Have at It: Rodgers' share of the blame
October, 9, 2009
By Kevin Seifert | ESPN.com
Posted by ESPN.com’s Kevin Seifert
You brought up some good points this week while discussing the extent to which Green Bay quarterback Aaron Rodgers should share responsibility for his NFL-high 20 sacks. Most of you suggested multiple culprits but weren’t willing to let Rodgers completely off the hook.
|Jeff Hanisch/US PRESSWIRE|
|Aaron Rodgers has taken a league-high 20 sacks.|
Ben Roethlisberger holds the ball longer than anyone I've ever seen and is considered by many as one of the top QB's in the league. Fact is all QB's need some type of time to at least get your feet set. Many times Rodgers can't even plant his feet on a 3 step drop ... Can't believe Seifert took the time to write 7 paragraphs on an issue that takes one headline. It all starts with the o-line.
If only it were that easy. Tmonson78, who said he played offensive line in college, wrote: “There are times when Rodgers just holds on to the ball too long waiting for the deep man to be open. He needs to know that after about three seconds in the NFL, if no one is open, get rid of the ball.”
Indeed, Minnesota offensive coordinator Darrell Bevell said Thursday -- speaking about the Vikings offense -- that there is rarely a play called in which a quarterback should still have the ball after four seconds. Given that both teams run a version of the West Coast offense, I would say a similar figure would apply to the Packers.
At best, most of you preached moderation when assigning blame to Rodgers. Wrote LambeauOrWrigley: “The issue I have with the question above is ‘significant share.’ NO WAY. … Call it what you want, but the line is easily 75 percent of the problem.”
Some of you would have preferred more options for answering. Loregnum wrote:
My stand is simple -- everyone is to blame. Rodgers does seem to hold onto the ball a bit too long at times, the OL does seem to have protection issues and the coaching obviously is partly responsible as well for both those problems since it is their job to correct the mistakes, not try and blame the QB when he is getting killed back there. It is silly to imply it is just an OL issue or a Rodgers issue.Marcopo44 took it a step further, assessing blame to general manager Ted Thompson for entering the season with Chad Clifton at left tackle with Daryn Colledge and T.J. Lang as backups:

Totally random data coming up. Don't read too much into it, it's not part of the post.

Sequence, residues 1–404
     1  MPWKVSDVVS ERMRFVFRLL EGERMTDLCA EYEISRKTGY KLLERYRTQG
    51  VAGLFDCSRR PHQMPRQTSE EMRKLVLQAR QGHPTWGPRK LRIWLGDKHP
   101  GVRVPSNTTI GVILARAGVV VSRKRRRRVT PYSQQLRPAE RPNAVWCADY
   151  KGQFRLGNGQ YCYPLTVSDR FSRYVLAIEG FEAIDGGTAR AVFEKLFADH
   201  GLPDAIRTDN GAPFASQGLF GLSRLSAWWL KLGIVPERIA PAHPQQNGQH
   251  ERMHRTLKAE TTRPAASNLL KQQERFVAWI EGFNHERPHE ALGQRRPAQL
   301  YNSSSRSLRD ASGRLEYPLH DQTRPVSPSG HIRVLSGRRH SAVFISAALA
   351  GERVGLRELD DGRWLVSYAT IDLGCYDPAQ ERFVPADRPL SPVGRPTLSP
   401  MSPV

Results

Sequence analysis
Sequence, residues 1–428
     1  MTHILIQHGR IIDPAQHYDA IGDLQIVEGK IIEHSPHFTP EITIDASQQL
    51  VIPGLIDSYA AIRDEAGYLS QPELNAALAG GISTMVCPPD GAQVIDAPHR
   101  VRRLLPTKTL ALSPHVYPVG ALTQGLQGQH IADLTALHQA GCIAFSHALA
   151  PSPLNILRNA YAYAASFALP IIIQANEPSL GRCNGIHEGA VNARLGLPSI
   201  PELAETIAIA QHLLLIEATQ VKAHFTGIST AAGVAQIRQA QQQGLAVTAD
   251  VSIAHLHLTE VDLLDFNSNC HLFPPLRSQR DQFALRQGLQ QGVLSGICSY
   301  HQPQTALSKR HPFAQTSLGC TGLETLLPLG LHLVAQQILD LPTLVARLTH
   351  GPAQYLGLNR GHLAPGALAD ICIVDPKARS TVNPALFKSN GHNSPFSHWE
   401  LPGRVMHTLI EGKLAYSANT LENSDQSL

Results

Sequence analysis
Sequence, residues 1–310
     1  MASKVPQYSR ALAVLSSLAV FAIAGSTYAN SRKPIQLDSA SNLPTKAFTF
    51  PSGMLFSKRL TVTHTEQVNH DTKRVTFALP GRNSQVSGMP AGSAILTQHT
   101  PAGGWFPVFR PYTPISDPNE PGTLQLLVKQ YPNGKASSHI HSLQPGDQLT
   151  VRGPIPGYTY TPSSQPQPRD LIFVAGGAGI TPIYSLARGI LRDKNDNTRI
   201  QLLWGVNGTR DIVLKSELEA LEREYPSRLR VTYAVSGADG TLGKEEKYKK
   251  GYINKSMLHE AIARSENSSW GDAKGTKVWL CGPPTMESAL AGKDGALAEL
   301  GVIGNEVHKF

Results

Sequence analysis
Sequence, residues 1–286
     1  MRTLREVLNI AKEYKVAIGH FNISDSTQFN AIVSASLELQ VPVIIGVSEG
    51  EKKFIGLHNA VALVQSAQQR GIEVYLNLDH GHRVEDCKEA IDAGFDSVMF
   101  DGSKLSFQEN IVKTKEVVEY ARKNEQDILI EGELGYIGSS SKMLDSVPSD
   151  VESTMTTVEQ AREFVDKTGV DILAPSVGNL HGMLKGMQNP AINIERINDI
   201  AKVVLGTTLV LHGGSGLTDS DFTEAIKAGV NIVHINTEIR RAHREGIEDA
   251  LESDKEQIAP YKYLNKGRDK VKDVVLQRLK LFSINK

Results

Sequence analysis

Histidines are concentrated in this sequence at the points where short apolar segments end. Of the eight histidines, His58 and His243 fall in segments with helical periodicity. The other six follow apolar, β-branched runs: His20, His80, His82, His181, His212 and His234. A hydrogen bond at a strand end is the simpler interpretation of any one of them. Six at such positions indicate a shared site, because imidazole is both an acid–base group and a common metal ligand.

Fault, the real culprits: Thompson, et al., failed to get an experienced swing tackle, knowing Clifton was 34. They kept 3 "projects" on the roster, none of whom they felt could play. Ironically, one of them, Lang, did every bit as good as Colledge, who is a guard and NOT a tackle. Moving him around weakened three positions. Dumb. This problem was foreseeable this summer, so no excuse.
Like many others, GB Arodge12 suggested Rodgers is holding the ball at times because the Packers have been so successful at hitting deep passes over the last two seasons: “Rodgers might be holding on the ball too long because he seems like he is always looking to throw that bomb deep down the field. … He does throw one of the prettier deep balls in the league, don't get me wrong... but when it becomes a pyrrhic victory for your team, you need to pride yourself on a different type of pass.”
(Note to readers: Anyone who uses “Pyrrhic victory” in a comment is darn-near an automatic inclusion in the follow-up post. Attaboy, GB.)
My take? My instinct tells me to follow the old cliché: It all starts up front. The issue of a quarterback holding the ball is minimal if he gets consistent protection. In fact, it’s considered an attribute because he is allowing plays to develop downfield. So I firmly believe we wouldn’t be having this discussion if the Packers’ offensive line was playing better.
But it’s only fair to look back at Rodgers’ body of work. You might recall that last season, Rodgers took the seventh-most sacks (34) in the NFL. So in his first 20 NFL starts, Rodgers has been sacked 54 times. That’s more than all but two other quarterbacks over that span: Kansas City’s Matt Cassel (57) and Roethlisberger (56).
That’s pretty close to a trend that could soon become a permanent part of Rodgers’ NFL résumé. Again, this wouldn’t be an issue if the Packers got more consistency from their offensive line. But if Rodgers doesn’t adjust soon to the level of protection he’s getting, he’ll soon be known as an excellent passer who takes too many sacks.